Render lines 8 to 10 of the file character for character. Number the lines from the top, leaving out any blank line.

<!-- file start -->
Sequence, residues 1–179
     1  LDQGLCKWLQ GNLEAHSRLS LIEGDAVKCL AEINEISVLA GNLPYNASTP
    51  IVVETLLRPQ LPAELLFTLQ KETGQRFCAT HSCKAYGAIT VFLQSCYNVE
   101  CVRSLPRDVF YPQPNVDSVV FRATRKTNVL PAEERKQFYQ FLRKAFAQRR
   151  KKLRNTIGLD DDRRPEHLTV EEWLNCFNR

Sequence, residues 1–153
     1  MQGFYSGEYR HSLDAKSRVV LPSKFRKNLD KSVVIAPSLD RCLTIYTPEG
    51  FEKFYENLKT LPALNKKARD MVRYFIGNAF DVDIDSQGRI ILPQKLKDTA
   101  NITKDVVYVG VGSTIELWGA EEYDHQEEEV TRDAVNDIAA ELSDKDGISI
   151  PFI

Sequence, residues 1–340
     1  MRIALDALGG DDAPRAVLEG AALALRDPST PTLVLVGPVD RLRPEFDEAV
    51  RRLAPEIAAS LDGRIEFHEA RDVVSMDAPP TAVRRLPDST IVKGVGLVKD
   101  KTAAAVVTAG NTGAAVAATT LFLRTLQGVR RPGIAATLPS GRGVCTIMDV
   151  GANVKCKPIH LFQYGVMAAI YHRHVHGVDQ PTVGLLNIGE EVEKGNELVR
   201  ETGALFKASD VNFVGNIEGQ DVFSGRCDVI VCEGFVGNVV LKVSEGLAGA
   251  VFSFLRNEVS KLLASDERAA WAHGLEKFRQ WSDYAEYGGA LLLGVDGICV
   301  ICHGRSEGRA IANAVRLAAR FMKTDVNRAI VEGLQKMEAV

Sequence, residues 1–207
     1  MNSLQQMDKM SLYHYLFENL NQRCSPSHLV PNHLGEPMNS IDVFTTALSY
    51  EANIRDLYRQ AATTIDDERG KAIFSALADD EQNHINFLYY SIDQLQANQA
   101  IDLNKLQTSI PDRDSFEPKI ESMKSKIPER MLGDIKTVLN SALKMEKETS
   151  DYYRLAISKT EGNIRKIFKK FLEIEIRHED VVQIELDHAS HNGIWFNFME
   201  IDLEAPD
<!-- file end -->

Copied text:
    51  FEKFYENLKT LPALNKKARD MVRYFIGNAF DVDIDSQGRI ILPQKLKDTA
   101  NITKDVVYVG VGSTIELWGA EEYDHQEEEV TRDAVNDIAA ELSDKDGISI
   151  PFI